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    I appreciate the comments. Good can come out of bad things - thank you, adrummer71 and raimius, for choosing to serve. And tpg, as always, I know you in particular appreciate the "little things" that stay in mind.
     
  5. MaritimeGirl11

    MaritimeGirl11 Member

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    9-11-01 May we always remember and never forget the brave men and women. (My dad went down the day after to help out with the fire fighters and search dogs) God bless the USA!


    Today marks the eight-year anniversary of an unparalleled tragedy in our Nation’s history. On September 11, 2001, thousands of people—men, women, and children of all backgrounds and faiths—perished in the attacks on the World Trade Center and the Pentagon, and in a field in Pennsylvania. In the midst of great tragedy, we saw tremendous bravery and sacrifice reflected in the many first responders who gave their own lives to save others and in heroic passengers on the hijacked flights.

    9/11 remains a defining moment for many of us and for our Nation. Out of the tragic events of that day grew our resolve to protect our homeland against further terrorist attacks. On this day, the fifth anniversary of 9/11, we remember those who perished in those terrible incidents. We go forward in their memory, determined never to relent in serving American citizens by securing our homeland.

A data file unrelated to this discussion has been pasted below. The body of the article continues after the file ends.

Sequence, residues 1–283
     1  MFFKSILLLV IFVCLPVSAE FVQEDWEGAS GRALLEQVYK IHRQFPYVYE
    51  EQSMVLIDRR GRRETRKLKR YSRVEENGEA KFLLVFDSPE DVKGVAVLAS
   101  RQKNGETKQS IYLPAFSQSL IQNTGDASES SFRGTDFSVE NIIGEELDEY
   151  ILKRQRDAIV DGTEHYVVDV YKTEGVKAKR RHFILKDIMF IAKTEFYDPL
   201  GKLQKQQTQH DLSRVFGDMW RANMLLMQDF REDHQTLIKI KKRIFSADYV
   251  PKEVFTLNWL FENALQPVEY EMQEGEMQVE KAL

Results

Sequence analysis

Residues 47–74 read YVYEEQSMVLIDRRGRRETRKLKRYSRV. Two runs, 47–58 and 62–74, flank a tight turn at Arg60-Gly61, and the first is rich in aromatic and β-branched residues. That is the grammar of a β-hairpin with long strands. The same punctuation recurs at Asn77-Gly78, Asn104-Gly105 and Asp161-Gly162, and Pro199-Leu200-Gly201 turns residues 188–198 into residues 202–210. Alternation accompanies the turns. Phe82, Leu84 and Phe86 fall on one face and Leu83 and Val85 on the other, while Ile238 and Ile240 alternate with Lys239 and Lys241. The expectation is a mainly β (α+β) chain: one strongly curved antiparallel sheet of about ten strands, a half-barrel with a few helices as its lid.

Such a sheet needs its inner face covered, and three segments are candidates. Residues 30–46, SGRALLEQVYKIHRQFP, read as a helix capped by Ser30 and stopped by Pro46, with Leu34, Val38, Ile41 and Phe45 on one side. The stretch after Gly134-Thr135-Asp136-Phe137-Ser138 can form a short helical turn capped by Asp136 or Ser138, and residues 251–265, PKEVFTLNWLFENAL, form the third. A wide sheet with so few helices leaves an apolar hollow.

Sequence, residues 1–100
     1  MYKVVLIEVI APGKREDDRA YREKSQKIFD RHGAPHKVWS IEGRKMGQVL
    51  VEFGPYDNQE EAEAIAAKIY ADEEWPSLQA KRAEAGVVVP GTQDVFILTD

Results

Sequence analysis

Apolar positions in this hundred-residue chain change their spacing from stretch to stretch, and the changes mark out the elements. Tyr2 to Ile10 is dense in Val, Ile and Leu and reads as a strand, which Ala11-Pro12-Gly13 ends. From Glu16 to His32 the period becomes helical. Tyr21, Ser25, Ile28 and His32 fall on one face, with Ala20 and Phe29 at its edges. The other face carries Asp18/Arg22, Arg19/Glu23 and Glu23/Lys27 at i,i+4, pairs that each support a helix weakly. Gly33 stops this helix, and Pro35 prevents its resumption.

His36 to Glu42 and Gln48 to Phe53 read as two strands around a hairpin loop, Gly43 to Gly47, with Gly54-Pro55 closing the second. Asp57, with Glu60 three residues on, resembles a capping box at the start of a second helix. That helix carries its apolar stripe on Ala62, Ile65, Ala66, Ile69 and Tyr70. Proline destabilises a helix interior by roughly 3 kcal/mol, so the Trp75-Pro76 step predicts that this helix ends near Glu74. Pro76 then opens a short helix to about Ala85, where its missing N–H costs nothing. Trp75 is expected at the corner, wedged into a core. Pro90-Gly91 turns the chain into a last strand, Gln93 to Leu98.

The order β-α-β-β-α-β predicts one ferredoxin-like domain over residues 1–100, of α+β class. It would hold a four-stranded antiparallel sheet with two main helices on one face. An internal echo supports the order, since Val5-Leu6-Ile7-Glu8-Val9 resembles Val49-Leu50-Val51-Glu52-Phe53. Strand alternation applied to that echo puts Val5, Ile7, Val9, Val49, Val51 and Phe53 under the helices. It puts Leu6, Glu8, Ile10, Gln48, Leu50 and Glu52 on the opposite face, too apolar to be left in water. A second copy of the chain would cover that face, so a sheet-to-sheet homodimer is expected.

Where were you and what were you doing on that tragic morning...
    I remember like it was yesterday.

    I was in art class and the bell rang so I was off to science. When I got in the room I sat down , chatted with some friends. then my science teacher stepped into the room. I looked at him and he did not look happy. Then he said"may I have every ones attention please" Then we heard what had happened. I swear every one in that room, their face expressions went from happy to sad, worried, and afraid. I can only imagine what was going through every ones mind at that very moment. family and friends. what was going through my mind? My dad. He's a fire fighter. Then the Principal came on and expained in greater detail what had happened that morning. When I got home my parents explained to me what had happended and every single station on TV had the tragic on, even MTV. That night my mom told me that my dad was going to go to ground zero the next day to help out with the releif.He was with the dog search team. I can't even begin to imagine all the dead bodies he saw the next day.All I did that night was cry. I cryed myself to sleep.
    The next day I heard him get up early to go to NYC/ ground zero to help. I looked from my bedroom window, whispered a little prayer and said good bye. That day at school every one was in Red, white, and blue. I couldn't believe how my nationalism and patriotism was in my school, community, America, and even around the globe.It was a time of sorrow, it was a time of a new coming, and it was a time to reflect on what America was really all about.
    A few weeks later my dad had all the kids at the middle school write letters to the NYC Fire Fighters. One of the kids had a father that died in the twin towers.A few weeks passes and my dad, mom, and I went to the NYC fire dept. and presented them with the letters that all the kids write, a poster, and happyness. I felt very proud of what I had done to help my country during this tragic time.It made me realize the importance of America what it stood for and what the future would hold.

    *God Bless you and God Bless America!